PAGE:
Borrehaugene (from Borre, the name of a local village and haugene from the old Norse Word haugr meaning mound) was the first national park to be founded in Norway. Borre National Park is situated between Horten and Åsgårdstrand. The site provides important historical knowledge, and can be seen as evidence that there was a center of power here in the Viking Age. The excavations also uncovered an unusually good selection of craft work, much of which is on display in Oslo at the Viking Ship Museum. This style has become known as "Borre style" and is, today, known for its animal and knot ornaments, which were often used for decorating harnesses. The finds also confirm that there was a Viking ship buried at Borrehaugene. The Borre mound cemetery at Borre National Park contains graves of kings dating back to the Migration Period. The park covers 45 acres (180,000 m2) and has the largest collection of kings' graves in Scandinavia. These burial mounds may represent North Europe's most extensive collection of graves of the old Scandinavian Yngling dynasty. From 1989 to 1991, new excavations were undertaken both in and around the national park.


Being located out on a peninsula, most major transportation arteries go to the west of Horten, and secondary roads connect the city to these routes. The Moss–Horten Ferry (also known as the Bastø Ferry) crosses the Oslofjord, connecting to Moss in Østfold. The ferry departs 1–4 times per hour, and the journey takes about 30 minutes. The ferry transports annually about 1.8 million vehicles and 3.5 million passengers.The railway line Vestfoldbanen passes through the Horten municipality, but not through the main city center. Skoppum Station is located southwest of the downtown, although several commuters prefer to use Holmestrand Station due to better road access.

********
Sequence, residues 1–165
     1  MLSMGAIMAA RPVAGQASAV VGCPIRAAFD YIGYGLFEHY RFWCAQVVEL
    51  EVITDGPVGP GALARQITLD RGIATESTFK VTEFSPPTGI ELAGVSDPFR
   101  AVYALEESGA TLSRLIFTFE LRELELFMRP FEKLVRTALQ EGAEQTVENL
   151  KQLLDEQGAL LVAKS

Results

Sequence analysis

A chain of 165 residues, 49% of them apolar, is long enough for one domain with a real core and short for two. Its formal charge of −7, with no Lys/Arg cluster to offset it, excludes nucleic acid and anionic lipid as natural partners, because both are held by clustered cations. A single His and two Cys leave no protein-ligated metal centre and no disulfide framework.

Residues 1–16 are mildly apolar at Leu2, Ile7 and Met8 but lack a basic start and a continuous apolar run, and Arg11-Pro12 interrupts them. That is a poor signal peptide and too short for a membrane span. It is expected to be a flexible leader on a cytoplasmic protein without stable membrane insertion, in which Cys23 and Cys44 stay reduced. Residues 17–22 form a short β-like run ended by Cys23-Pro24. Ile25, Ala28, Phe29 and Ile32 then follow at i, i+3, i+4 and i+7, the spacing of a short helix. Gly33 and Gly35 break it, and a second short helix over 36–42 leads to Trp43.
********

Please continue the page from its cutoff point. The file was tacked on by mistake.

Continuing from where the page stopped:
Horten has several football clubs. The most successful and well known is FK Ørn-Horten, which currently plays in the Norwegian 2nd Division. Another Horten team, Falk, plays 3rd division, while Borre and Holtankammeratene plays further down in the leagues.


Close to Horten is the University College Høgskolen i Buskerud og Vestfold, commonly referred to as Bakkenteigen, which offers a wide range of subjects from sociology, history and language thru mathematics, nature science and maritime studies. Bakkenteigen has over 4,000 students and aims to be a resource for research and development in the region.

Sites of interest